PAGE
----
We provide a plan of action strategy that involves an automated refutation of misinformation at scale in order to reduce the propagation of misinformation on social media. This strategy makes use of fact-checked data repositories and social media data. We investigate two complementary approaches to recognize misinformation posts at both early and later stages of propagation, with a focus on Twitter and the COVID-19 topic (Figure 3). Our suggested approach goes beyond the restrictions of existing approaches that can only handle one stage or the other. Our rebuttal system can prevent the spread of misinformation more effectively overall because it addresses both stages. Specifically, it leverages two publicly available datasets, viz. FaCov (fact-checked articles) and misleading (social media Twitter) data on COVID-19. The first identifies and reuses existing related but factual/non-misleading tweets by other users as recommended counter tweets. This is the baseline approach that can be used even when fact-checking websites are yet to carry out the vetting exercise for a given misinformation or while such articles are identified and matched by our second approach. The second recommends fact-checking articles (subject to availability) from various fact-checking sites. This provides users with verified, reliable, and more comprehensive information from reputable sources to counter the misinformation. By utilizing both of these automation complementary approaches in tandem, we create a scalable rebuttal pipeline to combat misinformation on social media.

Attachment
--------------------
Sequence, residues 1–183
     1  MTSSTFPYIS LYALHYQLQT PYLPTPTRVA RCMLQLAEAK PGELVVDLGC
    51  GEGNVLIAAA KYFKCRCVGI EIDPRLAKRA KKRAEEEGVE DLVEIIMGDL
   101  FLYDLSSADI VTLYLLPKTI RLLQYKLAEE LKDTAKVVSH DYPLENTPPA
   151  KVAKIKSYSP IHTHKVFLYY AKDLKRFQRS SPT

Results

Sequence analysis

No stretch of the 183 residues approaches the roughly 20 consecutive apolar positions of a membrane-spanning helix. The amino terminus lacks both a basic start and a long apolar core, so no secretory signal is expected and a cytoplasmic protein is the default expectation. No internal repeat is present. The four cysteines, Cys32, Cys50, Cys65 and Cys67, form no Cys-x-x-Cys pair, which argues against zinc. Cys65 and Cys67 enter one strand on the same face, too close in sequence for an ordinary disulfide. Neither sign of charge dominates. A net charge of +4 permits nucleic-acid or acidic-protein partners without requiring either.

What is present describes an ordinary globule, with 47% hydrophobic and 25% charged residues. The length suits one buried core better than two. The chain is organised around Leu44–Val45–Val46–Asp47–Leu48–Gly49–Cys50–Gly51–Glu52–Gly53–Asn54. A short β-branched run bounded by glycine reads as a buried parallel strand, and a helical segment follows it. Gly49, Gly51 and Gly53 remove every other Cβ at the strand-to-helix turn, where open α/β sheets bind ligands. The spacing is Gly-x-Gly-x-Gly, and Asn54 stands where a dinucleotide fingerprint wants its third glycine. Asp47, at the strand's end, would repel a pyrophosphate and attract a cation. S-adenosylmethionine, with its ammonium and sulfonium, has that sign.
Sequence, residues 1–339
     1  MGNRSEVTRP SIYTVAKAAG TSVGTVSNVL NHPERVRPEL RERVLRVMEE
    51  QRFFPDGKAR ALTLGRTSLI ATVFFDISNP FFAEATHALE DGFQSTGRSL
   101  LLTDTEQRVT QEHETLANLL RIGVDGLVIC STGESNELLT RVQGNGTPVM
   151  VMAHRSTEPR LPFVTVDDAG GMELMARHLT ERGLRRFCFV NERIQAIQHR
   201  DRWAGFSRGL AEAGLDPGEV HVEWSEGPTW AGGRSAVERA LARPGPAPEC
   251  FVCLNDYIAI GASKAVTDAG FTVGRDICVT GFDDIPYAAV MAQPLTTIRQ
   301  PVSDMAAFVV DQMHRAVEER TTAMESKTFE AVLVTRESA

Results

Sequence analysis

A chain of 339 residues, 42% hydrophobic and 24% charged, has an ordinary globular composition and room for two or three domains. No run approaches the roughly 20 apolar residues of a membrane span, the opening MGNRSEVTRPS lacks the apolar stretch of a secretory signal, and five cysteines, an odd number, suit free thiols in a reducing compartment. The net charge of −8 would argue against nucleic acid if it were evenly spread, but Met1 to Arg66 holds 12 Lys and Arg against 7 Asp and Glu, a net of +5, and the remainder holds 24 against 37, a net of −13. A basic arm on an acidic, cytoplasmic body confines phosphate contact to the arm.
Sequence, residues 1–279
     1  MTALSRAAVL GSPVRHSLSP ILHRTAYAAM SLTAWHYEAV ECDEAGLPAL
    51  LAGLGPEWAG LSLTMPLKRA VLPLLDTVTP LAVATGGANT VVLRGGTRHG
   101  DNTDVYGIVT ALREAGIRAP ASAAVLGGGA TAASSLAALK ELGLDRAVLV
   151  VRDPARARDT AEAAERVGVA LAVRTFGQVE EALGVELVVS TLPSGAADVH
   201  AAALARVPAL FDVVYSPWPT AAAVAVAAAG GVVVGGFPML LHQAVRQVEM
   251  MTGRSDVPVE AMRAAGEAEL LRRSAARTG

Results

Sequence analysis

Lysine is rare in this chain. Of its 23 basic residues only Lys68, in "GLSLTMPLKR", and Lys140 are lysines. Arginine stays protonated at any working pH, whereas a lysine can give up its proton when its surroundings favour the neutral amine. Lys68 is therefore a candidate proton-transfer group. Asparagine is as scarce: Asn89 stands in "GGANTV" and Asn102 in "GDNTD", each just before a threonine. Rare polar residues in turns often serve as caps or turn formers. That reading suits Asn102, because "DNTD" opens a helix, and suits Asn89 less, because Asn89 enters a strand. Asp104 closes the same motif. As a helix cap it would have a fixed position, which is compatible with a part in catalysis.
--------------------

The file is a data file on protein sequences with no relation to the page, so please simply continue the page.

Figure 3: Automated Misinformation Rebuttal
To summarize, the goal of my research is to create a thorough AI-based system to battle misinformation in the digital age. So far, my work involves focusing on three key dimensions, namely, characterizing misinformation content, developing a user-level detection framework, and implementing effective counter misinformation measures. We also give user privacy the utmost consideration in all of our work. Our study is important to the scientific community because it addresses the pressing issue of misinformation proliferation in the contemporary digital environment and provides a thorough strategy to combat it, ensuring a more educated and responsible use of information.